Fast RMX is another title available only on the eShop. If you’ve seen the videos you know the creators were going for an F-Zero feel (even bringing back the announcer from the Gamecube “GX” game) but this game is more than just a clone. It has its own futuristic style, vehicles and tracks, and in-race objectives. The controls can be a little too loose, depending on your preference, but if you spend some time with it, you’ll find it a fun, pick-up-and-play title that’s great for single or multiplayer gaming. It’s also an incredible value ($20) for how much content and replay value is packed into it. 9/10

Shovel Knight took the indie/retro scene by storm a few years ago and now developer Yacht Club Games has brought two different versions to the Switch’s eShop. If you’ve played the original and its first DLC pack “Plague of Shadows” the newest DLC pack, Specter of Torment, is available for $10. If you’re new to the series you can buy everything (the original game, all the DLC, as well as bonus content) for $25. Considering the quality, that’s a steal. The game is a perfect throwback to the days of relentlessly challenging NES platformers, with catchy and evocative music, big sprites, and beautiful artwork. Whether it’s the $10 or $25 version it’s a great buy. 10/10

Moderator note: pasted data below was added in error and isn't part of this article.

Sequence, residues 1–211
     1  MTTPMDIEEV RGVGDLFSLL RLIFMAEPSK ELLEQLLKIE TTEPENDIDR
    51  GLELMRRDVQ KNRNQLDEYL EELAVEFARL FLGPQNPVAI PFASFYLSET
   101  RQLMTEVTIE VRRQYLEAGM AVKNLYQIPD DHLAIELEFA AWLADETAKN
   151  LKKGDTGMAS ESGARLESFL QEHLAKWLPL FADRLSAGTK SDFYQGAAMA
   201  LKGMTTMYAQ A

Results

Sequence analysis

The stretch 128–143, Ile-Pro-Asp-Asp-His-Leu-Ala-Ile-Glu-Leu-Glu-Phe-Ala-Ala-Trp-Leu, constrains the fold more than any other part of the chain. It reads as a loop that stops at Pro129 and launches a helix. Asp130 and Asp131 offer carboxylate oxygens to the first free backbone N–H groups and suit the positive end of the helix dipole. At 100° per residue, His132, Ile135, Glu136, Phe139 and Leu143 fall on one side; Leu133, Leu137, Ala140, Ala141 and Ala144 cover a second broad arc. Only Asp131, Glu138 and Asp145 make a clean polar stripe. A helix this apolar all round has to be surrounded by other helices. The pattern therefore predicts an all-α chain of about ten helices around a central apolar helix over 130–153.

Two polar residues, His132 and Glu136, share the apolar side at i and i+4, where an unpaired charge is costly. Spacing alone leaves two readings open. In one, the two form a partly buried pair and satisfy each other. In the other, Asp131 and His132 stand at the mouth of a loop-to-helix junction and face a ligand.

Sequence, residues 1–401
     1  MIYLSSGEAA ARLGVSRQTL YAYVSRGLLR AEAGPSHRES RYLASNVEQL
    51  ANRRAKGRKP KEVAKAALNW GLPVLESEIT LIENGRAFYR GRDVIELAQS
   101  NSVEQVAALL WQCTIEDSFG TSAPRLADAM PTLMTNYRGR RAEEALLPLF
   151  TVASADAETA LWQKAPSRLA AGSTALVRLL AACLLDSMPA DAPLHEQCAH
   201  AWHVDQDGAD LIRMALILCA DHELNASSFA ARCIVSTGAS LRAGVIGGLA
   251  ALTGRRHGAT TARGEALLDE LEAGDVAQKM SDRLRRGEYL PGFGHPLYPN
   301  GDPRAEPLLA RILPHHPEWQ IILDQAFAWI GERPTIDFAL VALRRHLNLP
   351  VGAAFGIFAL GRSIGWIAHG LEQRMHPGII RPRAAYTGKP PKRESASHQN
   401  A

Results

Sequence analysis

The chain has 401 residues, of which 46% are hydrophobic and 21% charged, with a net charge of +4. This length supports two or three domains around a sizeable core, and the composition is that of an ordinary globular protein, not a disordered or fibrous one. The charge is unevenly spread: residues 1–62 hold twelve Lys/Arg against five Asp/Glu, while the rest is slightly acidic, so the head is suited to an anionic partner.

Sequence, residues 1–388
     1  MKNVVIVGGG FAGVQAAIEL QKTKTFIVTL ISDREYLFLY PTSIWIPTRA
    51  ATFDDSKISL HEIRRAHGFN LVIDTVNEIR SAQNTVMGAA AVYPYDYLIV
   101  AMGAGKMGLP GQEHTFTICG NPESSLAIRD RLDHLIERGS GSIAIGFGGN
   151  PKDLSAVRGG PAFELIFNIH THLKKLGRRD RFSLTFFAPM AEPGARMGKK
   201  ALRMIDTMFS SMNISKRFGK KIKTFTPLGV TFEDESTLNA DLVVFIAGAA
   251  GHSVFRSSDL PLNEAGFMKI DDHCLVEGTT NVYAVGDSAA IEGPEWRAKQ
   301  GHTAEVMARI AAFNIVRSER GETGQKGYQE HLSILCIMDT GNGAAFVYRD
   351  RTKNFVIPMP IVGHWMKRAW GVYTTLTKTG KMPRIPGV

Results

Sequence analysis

I Am Setsuna is available overseas as a physical game, but in the West you can only find it on the eshop. The game was designed with the 16-bit JRPG fans of yore in mind. It’s been out for a year now, originally coming to the PS4 and PC. Battle mechanics are reminiscent of Chrono Trigger but the story is much less ambitious. Still, it’s a very good game (albeit not a great one) but for $40 it might be about $10-$15 over-priced. If you’re a fan of the RPGs of that era and you’re okay dropping forty clams on a game that’s not quite as ambitious, long or stellar as the ones you remember (Chrono Trigger, FF64, FF6), you’ll like the game (and there’s Switch-exclusive DLC coming soon). 8/10

The Legend of Zelda: Breath of the Wild is the reason to own a Switch right now. There are some good, some very good and even some great games not named Zelda, but without Zelda there’s no reason to spend $300 on the Switch. A full review is coming soon, but suffice it to say, the game is every bit the generation-defining masterpiece they’re saying it is. Hard, staggeringly huge, clever, hard, familiar-yet-fresh, hard. 10/10

So how does the whole collection measure up to previous Nintendo launches? Let’s give it a 9/10. One big triple-A title and several smaller-but-stellar eshop games combine to make for one of Nintendo’s stronger debuts in its history. Coming soon are games like Arms, Yooka-Laylee and Splatoon 2, all of which will be worth your time and attention.

Overall launch-lineup score: 9/10

If you’re on the fence and you have money to spend, dive in. This is basically me and the Big N right now:

But then again, I’ve always been a sucker for Nintendo.